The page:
I am now going to put on my kid gloves. I don’t actually know what those are, but I know one is supposed to put them on when handling a delicate topic. Or so the saying goes.
This is definitely a delicate topic. Mucho controversial. Even here in the practice between us doctors.
I am going to keep my opinion out of this one (yes, it will be hard) and try to stick to the facts as I understand them.
Saturday we had another angry client yelling at the receptionists. The reason this time (and several times before) is our policy on online pharmacies.
Dr. Sharp maintains the policy that we do not write prescriptions for online pharmacies. We will match the prices on items sold at Petmeds.com.
That’s it. Non negotiable.
This particular client was angry that a) we wouldn’t write him a script to buy his heartworm pills online and b) we wouldn’t match the price of the off-brand pharmacy he wanted to buy them at (it was cheaper than our cost).
At the moment, there is no law (in Texas) that says we have to write the script.
That could be changing, there is a bill called the “Fairness to Pet Owners Act” , backed by (surprise, surprise: WalMart) that could change that. The law would require DVM’s to provide scripts for all prescriptions for clients to fill wherever they want.
The AVMA has issued a statement opposing the bill (here’s a VIN article on the topic: http://news.vin.com/vinnews.aspx?articleId=19967 )
So, the reasons we give to not write the scripts include
- We don’t know where those pharmacies are getting their drugs (are they the real thing or counterfeit?)
- Drugs may be expired, or from a foreign country and may not be dosed properly
- The manufacturers won’t honor the guarantees on the products
The flip side of that is that clients take the same risks buying their human drugs on-line.
The biggest threat to the veterinary profession (uh oh, this is my opinion, darnit) comes from something I learned from my human veterinarian.
Well, she’s not a vet, she’s our family doctor, but that is the closest thing to a vet on the human side.
I love her, she’s a great doc. We have a mutually beneficial relationship, she’s my doc and I’m her vet. We text each other whenever our “kids” (hers are canine, mine are human) have issues.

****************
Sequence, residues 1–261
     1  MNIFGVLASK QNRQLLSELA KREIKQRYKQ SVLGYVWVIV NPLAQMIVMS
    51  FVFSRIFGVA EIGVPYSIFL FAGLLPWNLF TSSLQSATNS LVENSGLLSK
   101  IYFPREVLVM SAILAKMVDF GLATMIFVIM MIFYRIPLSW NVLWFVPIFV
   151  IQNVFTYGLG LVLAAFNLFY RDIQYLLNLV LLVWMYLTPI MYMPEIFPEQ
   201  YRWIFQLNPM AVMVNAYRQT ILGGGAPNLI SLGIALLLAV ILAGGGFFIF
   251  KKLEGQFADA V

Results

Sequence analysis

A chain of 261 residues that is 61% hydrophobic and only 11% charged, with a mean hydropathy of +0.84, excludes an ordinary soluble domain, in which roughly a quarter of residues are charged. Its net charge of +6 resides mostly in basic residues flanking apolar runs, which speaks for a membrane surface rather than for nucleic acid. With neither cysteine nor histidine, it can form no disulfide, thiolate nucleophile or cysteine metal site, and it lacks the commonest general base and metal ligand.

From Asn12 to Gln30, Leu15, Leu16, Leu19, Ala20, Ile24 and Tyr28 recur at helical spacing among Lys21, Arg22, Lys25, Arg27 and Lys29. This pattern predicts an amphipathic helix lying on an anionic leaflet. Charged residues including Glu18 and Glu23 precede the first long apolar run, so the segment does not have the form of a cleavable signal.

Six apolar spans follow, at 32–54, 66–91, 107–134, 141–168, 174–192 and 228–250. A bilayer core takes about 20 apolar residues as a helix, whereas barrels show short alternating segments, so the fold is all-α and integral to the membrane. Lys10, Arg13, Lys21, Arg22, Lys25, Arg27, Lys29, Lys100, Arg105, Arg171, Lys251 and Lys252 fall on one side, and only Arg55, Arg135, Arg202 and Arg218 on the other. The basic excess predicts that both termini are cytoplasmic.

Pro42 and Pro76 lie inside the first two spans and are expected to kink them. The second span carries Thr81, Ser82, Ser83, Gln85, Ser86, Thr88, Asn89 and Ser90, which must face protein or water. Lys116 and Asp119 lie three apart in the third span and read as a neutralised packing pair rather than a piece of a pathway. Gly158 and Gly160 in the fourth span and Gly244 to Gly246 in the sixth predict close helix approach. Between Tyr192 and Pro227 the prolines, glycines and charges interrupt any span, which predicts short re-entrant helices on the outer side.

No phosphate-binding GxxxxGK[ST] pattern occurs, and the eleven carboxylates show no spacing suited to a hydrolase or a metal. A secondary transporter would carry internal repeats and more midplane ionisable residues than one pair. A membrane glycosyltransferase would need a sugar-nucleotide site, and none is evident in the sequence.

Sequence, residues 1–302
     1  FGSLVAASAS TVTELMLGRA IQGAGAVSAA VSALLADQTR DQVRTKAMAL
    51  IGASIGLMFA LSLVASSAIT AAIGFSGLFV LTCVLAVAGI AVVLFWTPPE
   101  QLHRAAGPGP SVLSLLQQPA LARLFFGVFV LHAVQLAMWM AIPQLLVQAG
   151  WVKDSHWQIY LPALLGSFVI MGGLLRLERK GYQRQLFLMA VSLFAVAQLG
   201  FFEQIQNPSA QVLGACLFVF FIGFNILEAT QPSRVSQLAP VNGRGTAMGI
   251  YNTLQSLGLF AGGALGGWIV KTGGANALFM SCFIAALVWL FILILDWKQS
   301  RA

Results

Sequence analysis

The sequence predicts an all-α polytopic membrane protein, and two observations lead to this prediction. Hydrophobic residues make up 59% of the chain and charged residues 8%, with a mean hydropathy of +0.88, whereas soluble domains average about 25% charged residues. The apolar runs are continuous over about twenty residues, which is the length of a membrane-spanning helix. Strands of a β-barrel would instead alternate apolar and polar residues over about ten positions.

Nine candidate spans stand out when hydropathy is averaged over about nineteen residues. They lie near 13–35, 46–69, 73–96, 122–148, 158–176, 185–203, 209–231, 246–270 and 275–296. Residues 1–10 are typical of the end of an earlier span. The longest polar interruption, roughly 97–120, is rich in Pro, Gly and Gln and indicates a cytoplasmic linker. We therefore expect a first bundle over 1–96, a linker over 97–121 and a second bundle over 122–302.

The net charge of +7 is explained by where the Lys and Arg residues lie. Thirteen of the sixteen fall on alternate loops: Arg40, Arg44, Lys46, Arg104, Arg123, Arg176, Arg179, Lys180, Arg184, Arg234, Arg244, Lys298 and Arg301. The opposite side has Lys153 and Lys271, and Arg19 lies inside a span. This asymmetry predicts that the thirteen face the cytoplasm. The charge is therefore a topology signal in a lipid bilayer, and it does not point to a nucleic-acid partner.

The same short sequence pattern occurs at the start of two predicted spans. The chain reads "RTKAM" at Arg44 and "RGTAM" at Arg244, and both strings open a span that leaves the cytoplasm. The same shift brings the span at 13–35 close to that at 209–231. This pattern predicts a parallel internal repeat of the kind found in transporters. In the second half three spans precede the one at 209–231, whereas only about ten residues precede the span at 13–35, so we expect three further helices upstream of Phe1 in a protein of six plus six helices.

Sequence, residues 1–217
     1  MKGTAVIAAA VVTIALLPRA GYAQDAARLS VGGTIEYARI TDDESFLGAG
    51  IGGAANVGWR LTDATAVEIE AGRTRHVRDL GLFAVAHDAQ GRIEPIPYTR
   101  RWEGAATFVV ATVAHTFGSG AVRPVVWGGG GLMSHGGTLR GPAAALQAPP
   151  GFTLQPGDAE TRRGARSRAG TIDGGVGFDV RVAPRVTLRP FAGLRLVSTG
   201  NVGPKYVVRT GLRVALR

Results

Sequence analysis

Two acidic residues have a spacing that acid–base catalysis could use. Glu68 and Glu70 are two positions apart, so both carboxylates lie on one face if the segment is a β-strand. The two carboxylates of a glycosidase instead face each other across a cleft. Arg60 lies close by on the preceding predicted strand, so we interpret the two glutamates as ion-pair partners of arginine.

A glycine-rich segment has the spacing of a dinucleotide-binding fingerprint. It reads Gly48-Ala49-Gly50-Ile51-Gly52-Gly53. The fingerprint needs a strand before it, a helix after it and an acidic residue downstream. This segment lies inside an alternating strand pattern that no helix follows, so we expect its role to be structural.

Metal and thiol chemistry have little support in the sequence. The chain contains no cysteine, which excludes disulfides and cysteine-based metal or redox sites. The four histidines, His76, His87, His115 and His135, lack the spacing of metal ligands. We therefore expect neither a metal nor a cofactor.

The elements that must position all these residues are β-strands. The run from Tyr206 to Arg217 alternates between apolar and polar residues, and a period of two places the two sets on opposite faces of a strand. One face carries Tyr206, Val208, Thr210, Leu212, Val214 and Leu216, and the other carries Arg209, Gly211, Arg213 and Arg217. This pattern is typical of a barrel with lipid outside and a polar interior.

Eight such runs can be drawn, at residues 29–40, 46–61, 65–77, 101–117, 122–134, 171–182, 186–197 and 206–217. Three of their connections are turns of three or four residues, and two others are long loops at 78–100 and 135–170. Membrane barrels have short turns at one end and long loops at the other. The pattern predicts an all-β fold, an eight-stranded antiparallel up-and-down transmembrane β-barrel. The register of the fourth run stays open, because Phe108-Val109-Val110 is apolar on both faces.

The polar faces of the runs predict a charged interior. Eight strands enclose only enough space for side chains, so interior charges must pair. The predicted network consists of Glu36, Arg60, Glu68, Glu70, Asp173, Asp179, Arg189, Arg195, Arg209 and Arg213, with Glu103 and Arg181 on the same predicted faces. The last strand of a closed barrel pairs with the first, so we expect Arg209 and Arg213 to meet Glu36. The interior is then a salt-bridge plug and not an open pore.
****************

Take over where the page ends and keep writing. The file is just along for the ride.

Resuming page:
Once, her husband was picking up her dogs after surgery and he about had a coronary over the cost of services. He said he could do all the same stuff in his office (he’s the office manager) for a fraction of the cost.
This was news to me. I thought things that happened on the human side (procedures, office visits, etc) were generally exorbitantly expensive. I thought all doctors were filthy rich. Being unable to bite my tongue, I expressed this sentiment to him.
With much exasperation and hand gesturing (he’s latin American, we are a very dramatic people) he exclaimed that that is not so in family practice. They have to see hundreds of patients a day to just break even. Their fee schedule is capped by the insurance companies (or the government?).
Did you catch that? It may not have actually been hundreds of patients a day (we latin Americans tend to exaggerate). OK, just texted my doc: she said 26-32 patients. Given her work schedule, that averages to about 5 patients an hour.
I generally see two patients an hour.
Point is: in family practice, in order to make money they have to see a large volume of clients. No pharmacy revenue in human med to offset their fees. They can’t raise their fees, so therefore they have to see more clients to make up for it.
Here’s the thing, if everyone starts getting their drugs from sources other than the vet, the vet will lose a huge chunk of his or her revenue.
However, the vet still has to make a living, pay his staff, pay for the overhead, etc.
I don’t know what percentage of our revenue comes from pharmacy sales, I’m going to guess half. So say we lose half our revenue. What do you think we will have to do to make that up?
Raise fees. A lot.
And if that’s not enough, perhaps be forced to see more clients. Office visits will become our main revenue source. Those leisurely hour-long visits when your pet is sick could likely be replaced by brief 15 minute problem-oriented ones. Just the facts please…
I don’t know about you, but one of my favorite things about the job is spending time, getting to know the pets, clients etc as individuals. Running clients through like cattle does not appeal to me.
Will the quality of care suffer? Probably.
I’m all for getting a good deal, I know times are a changin’ and in all likelihood I think our pharmacy as a revenue source may very well go the way of the dinosaur.
Are cheaper drugs worth the cost of more expensive office visits and fees in general? Less personal care? Possibly less thorough care?
Seems like a lot to pay.